2 tbsp. olive oil
½ cup onion
½ cup green bell pepper
1 lb. ground beef
2 cloves garlic, chopped
1 tbsp. Worcestershire Sauce
Black pepper and salt to taste
1 15 oz. can crushed tomatoes
½ cup Heinz Chili Sauce or ketchup
2 tbsp. brown mustard
2 tbsp. brown sugar
½ tsp. chili powder
1 tsp cayenne pepper or to taste
6 hamburger buns
Roughly chop the onion and green pepper finely or place them in a food processor until well diced. Put the oil in a frying pan on medium heat. Fry the onion and green pepper until some of the moisture evaporates.
Add the chopped beef, Worcestershire Sauce, salt and pepper. Break up the beef with a spoon as it browns. When the meat is browned, drain the excess grease from the pan.
Set the pan aside and combine the crushed tomato, mustard, brown sugar, and spices in a bowl. Mix well.
Pour the sauce into the pan with the meat and raise the heat to medium-high. When it comes to a boil, reduce the heat and simmer for 15 minutes.
Sloppy Joe’s Bar opened in Havana in the 1930s. It was frequented by Earnest Hemingway, Errol Flynn, Alec Guinness and many other celebrities. I recently came across their cocktail recipe book online and tried a few. They’re kind of fruity and tropical which makes them perfect on a hot day.
Sloppy Joe’s Cocktails
1 ½ oz. white rum
1 ½ oz. pineapple juice
1 tsp. Grenadine
1 tsp. Luxardo
Shake with ice and serve in a flute.
Juice of ½ lime
1 oz. white rum
1 oz. Italian vermouth
1 oz. Apple Jack
1 tsp. grenadine
Shake with ice and serve in a cocktail glass.
Juice on 1 lemon
1 tsp. sugar
1 tsp. green crème de menthe
1 egg white
1 ½ oz. gin
Shake with ice and serve in a flute. Typically, a “fizz” is topped off with some club soda, but not this one.
Different people make Bolognese differently. My recipe is for basic Bolognese. I don’t used any garlic because the sofrito (carrot, onion, celery) is enough for the aromatics. Some people use pancetta, but with a mix of pork and beef it isn’t necessary. Often recipes call for chicken or beef stock but that’s not needed with a pound of chopped meat already in the sauce. Don’t be tempted to add and basil, oregano, bay leaf or any other herbs or spices. They’re not needed. On American menus you sometimes see “Spaghetti a la Bolognese.” Spaghetti should never be served with Bolognese sauce, only broad long pasta like mafalda, pappardelle, tagliatelle, fettuccine, and sometimes rigatoni.
1 diced carrot
1 diced medium onion
2 diced celery stalks
½ lb. each – beef and pork
1 6 oz. can tomato paste
1 28 oz. can crushed tomatoes
1/2 cup dry white or red wine
salt & black pepper to taste
Dice the onion, carrot, and celery. That’s the sofrito, the base for many Italian sauces. Heat 3 tablespoons of olive oil in a large pot and sauté until soft, about 10 minutes. Add the tomato paste and stir. Cook for another 5 minutes. Remove the sofrito to a bowl and set aside.
Add 2 tablespoons of oil to the pot and brown the meat, breaking it up with a spoon as it cooks. Return the sofrito to the pot. It’s fine if some of the meat is still a little pink.
Now add the wine and deglaze the pot. Stir and cook for 5 minutes and then pour in the crushed tomatoes and 2 cups of hot water. Turn the heat down to low and simmer for 2 hours. If the sauce gets too thick as it simmers add more water. While the sauce is simmering, start a pot of boiling water for the pasta. I’m using fettuccine. Drain the pasta when it’s done and save a cup of the pasta water.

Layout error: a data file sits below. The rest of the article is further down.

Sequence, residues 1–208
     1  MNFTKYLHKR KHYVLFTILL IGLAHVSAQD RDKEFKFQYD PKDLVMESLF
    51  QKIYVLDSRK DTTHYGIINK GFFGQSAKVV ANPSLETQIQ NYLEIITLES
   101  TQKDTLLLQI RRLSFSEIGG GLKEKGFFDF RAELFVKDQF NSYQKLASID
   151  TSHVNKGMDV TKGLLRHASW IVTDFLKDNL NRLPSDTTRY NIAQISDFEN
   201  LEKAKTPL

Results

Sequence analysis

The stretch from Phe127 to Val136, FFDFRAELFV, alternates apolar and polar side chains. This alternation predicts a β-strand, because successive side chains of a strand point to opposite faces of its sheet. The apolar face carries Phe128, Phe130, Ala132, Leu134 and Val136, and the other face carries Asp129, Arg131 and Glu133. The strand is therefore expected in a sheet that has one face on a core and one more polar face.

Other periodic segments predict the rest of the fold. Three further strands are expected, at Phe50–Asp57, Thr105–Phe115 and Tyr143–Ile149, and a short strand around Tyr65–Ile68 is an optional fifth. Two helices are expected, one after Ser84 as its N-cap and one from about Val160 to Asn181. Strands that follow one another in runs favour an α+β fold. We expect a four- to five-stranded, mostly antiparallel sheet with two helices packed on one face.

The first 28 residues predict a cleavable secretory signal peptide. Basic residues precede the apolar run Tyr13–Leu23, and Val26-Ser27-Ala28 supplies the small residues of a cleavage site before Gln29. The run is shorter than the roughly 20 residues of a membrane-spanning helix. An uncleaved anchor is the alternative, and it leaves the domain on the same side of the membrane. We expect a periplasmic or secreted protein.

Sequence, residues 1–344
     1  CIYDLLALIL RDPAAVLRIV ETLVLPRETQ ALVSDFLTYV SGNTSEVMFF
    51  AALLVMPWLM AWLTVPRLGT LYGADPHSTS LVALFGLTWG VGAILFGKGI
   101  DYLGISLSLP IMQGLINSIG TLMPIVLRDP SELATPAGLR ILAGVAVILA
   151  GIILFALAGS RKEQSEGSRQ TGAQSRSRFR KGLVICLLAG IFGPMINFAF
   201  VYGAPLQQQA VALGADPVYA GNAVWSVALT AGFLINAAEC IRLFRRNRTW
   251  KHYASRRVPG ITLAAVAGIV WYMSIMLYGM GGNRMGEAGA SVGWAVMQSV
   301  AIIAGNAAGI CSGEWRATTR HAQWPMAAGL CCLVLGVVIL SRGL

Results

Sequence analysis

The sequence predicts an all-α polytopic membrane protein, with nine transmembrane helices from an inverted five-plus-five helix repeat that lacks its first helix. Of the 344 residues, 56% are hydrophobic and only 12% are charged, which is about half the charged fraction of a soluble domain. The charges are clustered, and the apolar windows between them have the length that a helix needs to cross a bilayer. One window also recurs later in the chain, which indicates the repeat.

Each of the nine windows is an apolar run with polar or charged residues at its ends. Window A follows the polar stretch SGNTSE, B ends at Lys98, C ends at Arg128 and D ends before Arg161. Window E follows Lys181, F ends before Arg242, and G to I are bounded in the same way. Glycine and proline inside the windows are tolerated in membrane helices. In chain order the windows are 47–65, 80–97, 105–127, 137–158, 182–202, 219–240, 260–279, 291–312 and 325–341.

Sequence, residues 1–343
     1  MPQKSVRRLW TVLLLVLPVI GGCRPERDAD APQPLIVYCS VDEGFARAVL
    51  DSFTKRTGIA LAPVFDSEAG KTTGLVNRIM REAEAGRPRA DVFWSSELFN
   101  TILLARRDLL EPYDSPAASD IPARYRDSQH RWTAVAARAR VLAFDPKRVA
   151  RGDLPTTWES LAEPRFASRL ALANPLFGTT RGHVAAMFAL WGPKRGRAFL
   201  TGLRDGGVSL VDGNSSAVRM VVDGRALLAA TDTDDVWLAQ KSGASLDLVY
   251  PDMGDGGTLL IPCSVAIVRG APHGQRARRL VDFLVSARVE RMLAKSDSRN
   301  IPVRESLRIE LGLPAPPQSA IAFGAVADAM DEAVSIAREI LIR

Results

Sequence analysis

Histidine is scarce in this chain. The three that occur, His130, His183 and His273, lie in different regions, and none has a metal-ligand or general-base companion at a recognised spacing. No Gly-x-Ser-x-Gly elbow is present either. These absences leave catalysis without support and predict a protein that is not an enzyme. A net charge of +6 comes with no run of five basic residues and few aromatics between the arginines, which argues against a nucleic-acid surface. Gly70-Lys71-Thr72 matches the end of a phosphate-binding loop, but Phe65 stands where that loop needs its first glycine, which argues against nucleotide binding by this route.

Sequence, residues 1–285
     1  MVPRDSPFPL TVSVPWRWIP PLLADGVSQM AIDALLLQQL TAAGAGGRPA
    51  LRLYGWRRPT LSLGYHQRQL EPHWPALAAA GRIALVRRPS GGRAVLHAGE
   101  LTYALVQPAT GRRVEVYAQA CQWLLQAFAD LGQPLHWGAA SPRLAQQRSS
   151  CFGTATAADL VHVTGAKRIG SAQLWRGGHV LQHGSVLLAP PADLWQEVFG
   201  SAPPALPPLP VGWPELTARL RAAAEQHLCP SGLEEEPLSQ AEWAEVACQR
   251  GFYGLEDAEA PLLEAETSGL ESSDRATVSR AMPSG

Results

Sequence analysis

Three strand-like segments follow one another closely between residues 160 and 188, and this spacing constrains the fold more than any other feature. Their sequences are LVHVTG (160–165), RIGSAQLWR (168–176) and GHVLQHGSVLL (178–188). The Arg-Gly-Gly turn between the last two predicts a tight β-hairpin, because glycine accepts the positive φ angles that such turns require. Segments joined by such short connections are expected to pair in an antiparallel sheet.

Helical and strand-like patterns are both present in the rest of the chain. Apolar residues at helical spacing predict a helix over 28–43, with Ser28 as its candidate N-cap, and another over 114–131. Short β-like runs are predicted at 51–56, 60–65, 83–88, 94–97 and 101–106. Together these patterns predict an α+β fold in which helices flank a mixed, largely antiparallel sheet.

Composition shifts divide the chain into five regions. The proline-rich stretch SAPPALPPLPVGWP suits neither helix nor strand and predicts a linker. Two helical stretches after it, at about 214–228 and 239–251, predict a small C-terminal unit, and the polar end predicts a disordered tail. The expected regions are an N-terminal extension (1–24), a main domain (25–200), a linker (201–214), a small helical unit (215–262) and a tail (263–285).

To serve, put a sauté pan on low heat. Put some of the sauce in the pan, add some pasta, and stir with a little pasta water. Place in a dish and sprinkle with Parmigiana cheese.
This is a simple and quick recipe similar to aglio e olio. You can make the sauce in the time it takes to cook the pasta. Spaghetti with Cherry Tomatoes has a fresh light taste so I wouldn’t recommend any cheese on this one.
1 lb. spaghetti
¼ cup olive oil
6 cloves garlic, sliced
Salt, black pepper
Red pepper (from a pinch to a tablespoon)
½ cup chopped parsley
1 pint cherry tomatoes
Start a pot of water for the pasta and begin to cook the pasta.
Slowly cook the garlic in the oil in a large frying pan. Add the seasoning (salt, black and red pepper) and the parsley. Stir and then add the tomatoes (half of them cut in half). Cook over a medium heat until the pasta is almost done.
Add a cup of the pasta water to the sauce and then add the almost cooked pasta to finish cooking. Add additional water as necessary to keep it moist.
Posole is a traditional Mexican dish. It’s a thick soup made with meat and hominy. You can have your butcher cut a pork shoulder into pieces. The toppings are up to you. Use as many or as few as you like.
5 or 6 dried ancho chiles
6 cloves garlic (3 crushed & 3 finely chopped)
2 pounds boneless pork shoulder, trimmed and cut into 2 inch pieces
Salt & black pepper
Olive oil for browning
1 large onion, chopped
2 cups chicken broth
1 tablespoon dried oregano
2 bay leaves
3 15-ounce cans white hominy, drained and rinsed
Remove the stems from the anchos and shake out as many seeds as possible. Put them in a small pot and bring to a boil. Remove them after about 15 minutes, let them cool a bit and then put them and 1½ cups of the liquid in a blender. Add the crushed garlic, and ½ teaspoon salt, and blend until smooth. Strain through a fine-mesh sieve into a bowl, pushing the sauce through with a rubber spatula.
Season the pork with salt and black pepper and set aside. Heat the oil in a Dutch oven over medium heat. Add the pork and cook until lightly browned on all sides. Remove and set aside.
Add the onion to the pot and cook until soft and translucent. Add the chopped garlic and return the browned meat. Increase the heat to medium high.
Stir in the chicken broth, oregano, bay leaf, 1/2 teaspoon salt, and 1 cup or more of the chili sauce (depending on your taste). Add enough water to cover the meat and bring to a low boil. Reduce the heat, partially cover, and slowly simmer, turning the pork a few times, until tender – about 2 hours. Stir in the hominy and continue to simmer, uncovered, about 45 minutes more. Remove the bay leaf. Add some water if the posole is too thick. Check for seasoning.
Serve the posole with the remaining chili sauce and a topping of fresh diced avocado, shredded cabbage, diced onion, sliced radishes, and/or cilantro.